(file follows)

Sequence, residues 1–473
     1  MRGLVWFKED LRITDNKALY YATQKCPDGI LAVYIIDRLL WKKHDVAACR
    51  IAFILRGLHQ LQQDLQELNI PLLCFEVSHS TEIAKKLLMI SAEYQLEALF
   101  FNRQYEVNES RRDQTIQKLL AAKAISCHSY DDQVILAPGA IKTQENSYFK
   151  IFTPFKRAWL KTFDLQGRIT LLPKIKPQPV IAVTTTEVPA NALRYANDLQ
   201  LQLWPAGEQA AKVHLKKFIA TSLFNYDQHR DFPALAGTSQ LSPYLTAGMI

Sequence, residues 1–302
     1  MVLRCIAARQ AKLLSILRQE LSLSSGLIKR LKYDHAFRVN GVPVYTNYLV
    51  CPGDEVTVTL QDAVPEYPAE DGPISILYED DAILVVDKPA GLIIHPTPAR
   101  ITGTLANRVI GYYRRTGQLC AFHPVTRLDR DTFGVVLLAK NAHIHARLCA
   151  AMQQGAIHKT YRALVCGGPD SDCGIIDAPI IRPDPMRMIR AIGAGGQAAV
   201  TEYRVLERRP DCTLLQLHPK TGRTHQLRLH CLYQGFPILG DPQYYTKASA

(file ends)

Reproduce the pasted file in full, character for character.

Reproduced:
Sequence, residues 1–473
     1  MRGLVWFKED LRITDNKALY YATQKCPDGI LAVYIIDRLL WKKHDVAACR
    51  IAFILRGLHQ LQQDLQELNI PLLCFEVSHS TEIAKKLLMI SAEYQLEALF
   101  FNRQYEVNES RRDQTIQKLL AAKAISCHSY DDQVILAPGA IKTQENSYFK
   151  IFTPFKRAWL KTFDLQGRIT LLPKIKPQPV IAVTTTEVPA NALRYANDLQ
   201  LQLWPAGEQA AKVHLKKFIA TSLFNYDQHR DFPALAGTSQ LSPYLTAGMI

Sequence, residues 1–302
     1  MVLRCIAARQ AKLLSILRQE LSLSSGLIKR LKYDHAFRVN GVPVYTNYLV
    51  CPGDEVTVTL QDAVPEYPAE DGPISILYED DAILVVDKPA GLIIHPTPAR
   101  ITGTLANRVI GYYRRTGQLC AFHPVTRLDR DTFGVVLLAK NAHIHARLCA
   151  AMQQGAIHKT YRALVCGGPD SDCGIIDAPI IRPDPMRMIR AIGAGGQAAV
   201  TEYRVLERRP DCTLLQLHPK TGRTHQLRLH CLYQGFPILG DPQYYTKASA